1950 – It’s a girl!
I was born October 29, 1950 in St. John’s, Newfoundland.
Mommy knit the christening shawl in this photo, Her sister, Auntie Doll (Laura)smocked my dress. Another of Mommy’s sisters Auntie Mina took the photo. Auntie Mina was a photographer and I have a baby book of great art photos.
1969 – I graduated from High School.
I attended high school in Altus and Norman Oklahoma. Art programs available at that time, helped me to find my way to studying art full time.
1972 – I graduated from the Nova Scotia College of Art and Design.
My special interest was goldsmithing. I returned home to Newfoundland and worked as a goldsmith, while teaching evening classes. 1972-1975
1974 – I created banners for traveling theatre show.
I worked with Peter Thomas and Ray Mackie to make large cotton batik banners for a traveling theater show. This was the first time I was able to create images of Newfoundland’s landscape. I had discovered a new passion!
1976-1978 I worked as director of the Newfoundland and
Labrador Craft Development Association.
During this time I continued to be interested in the Newfoundland Landscape.
In 1978 I resigned from the Craft Council to become self employed creating silk batik banners.
1979 – I made silk banners for the Murray Premises,
St. John’s, Newfoundland.
This is a historic shopping mall on the St. John’s water-front. Fourteen banners were commissioned to portray the area at the time of the building’s construction in the 1800’s.
1982 – One of my silk banners was selected by the Government of Newfoundland
and Labrador to be given as a wedding gift to Prince Charles and Lady Diana.
This was a major turning point in my life and career. It was a great honor to have my work chosen. And Mommy quit asking me, “When I was going to get a real job!”
1981 – I started using silkscreen to make my banners.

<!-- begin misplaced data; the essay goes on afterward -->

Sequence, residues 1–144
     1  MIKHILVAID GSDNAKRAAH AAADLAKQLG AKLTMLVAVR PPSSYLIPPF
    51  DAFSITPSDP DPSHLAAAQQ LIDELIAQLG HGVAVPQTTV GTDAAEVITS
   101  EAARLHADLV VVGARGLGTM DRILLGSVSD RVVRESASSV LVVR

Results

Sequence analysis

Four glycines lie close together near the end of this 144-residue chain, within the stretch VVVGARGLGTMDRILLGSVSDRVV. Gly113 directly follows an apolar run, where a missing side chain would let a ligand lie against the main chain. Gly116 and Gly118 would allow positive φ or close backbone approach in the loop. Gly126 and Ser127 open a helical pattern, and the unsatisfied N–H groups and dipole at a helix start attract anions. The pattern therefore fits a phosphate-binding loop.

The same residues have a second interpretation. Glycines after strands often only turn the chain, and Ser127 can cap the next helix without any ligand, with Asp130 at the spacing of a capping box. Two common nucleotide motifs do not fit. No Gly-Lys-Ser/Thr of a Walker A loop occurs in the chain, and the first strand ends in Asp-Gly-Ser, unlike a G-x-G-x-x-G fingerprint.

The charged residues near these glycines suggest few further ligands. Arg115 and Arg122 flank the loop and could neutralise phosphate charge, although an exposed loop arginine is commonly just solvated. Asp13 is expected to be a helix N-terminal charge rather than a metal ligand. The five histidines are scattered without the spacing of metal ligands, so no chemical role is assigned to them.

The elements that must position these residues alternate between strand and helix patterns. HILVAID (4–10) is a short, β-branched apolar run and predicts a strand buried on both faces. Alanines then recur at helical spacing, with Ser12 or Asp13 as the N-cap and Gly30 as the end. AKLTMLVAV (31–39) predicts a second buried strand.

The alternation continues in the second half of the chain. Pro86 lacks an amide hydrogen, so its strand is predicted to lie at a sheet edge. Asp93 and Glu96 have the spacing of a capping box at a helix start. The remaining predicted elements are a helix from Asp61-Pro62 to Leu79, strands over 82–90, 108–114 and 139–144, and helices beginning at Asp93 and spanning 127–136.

Until this time I used batik to bring my images to life. A friend introduced me to silkscreen as a way to make my cloth calendars. I started printing dyes on to silk to make limited edition, silkscreen on to silk
1984 – “Seeing It Our Way” on Donna Clouston – a 30 minute national program on CBC.
This program introduced me and my work to Canada. I received a phenomenal number of phone calls and letters from people interested in both me and my work.
1989 – In the Pink was the first edition that sold out in a year.
It remains my most valuable print. Each sold for $450 and today are worth $2,000 – $3000.
1991 – “Juniper’s Visit” St. John’s Arts and Culture Centre
A huge quilted hanging (9’x 12′) made up of my silkscreen prints, was made for the lobby of the Centre. My cousin Shelley Clouston did the actual sewing and worked with me to create the finished piece.
We had a lot of fun and laughter making this piece!
1994 – I switched from printing on to silk to printing on board.
My last print on silk was “Home to Roost” in 1993. In it, I created fun shadows in the grass and other fine details. I had too many layers of dye paste and much of my drawing washed away, when the layers of dye did not fix to the silk properly. It was at that point I realized the time had come to switch to printing on “paper”. Susan Wakefield helped get me on the right track. To this day, I continue to print on museum board using Lascaux watercolour inks.
2002 – “View from the Narrows “ The Johnson GEO Centre
I painted three watercolours of the cliffs on the East side of the Narrows on Signal Hill, St. John’s. These were photographed and scanned into a computer. I cleaned the digital file, which was printed onto an adhesive translucent film. This film was then attached to three light boxes which hang in the lobby of the GEO Centre.
The full piece can be seen in my header above.
2014 – Fantasy Florals
For years I have been painting watercolours, both on paper and on watercolour canvas. My friend Di encouraged me to share a show of floral watercolours. We both painted on paper, however our individual styles were wildly different. This exhibition has encouraged me to focus on watercolour for awhile. It will be interesting to see the direction my work will take from here.
My work is in numerous private, corporate and government collections.
2014 – PAWS Mittens WOOF!
In the fall of 2009, I helped a young friend learn to knit. It was many years since I had given up knitting and found an old pleasure back in my life. My knitting has become the perfect quiet time activity. I have knit several sweaters, many pairs of socks, even ventured into lace knitting. But the kudos came when I knit my PAWs mittens for the Double Ball Newfoundland Mitten Competition and took silver prize. I have decided to put these into production and hope to earn enough to pay for my new puppy. Woof!
Thanks to Christine LeGrow, Laurie LeGrow and Shirl the Purl (Shirley Scott) for their knitting encouragement.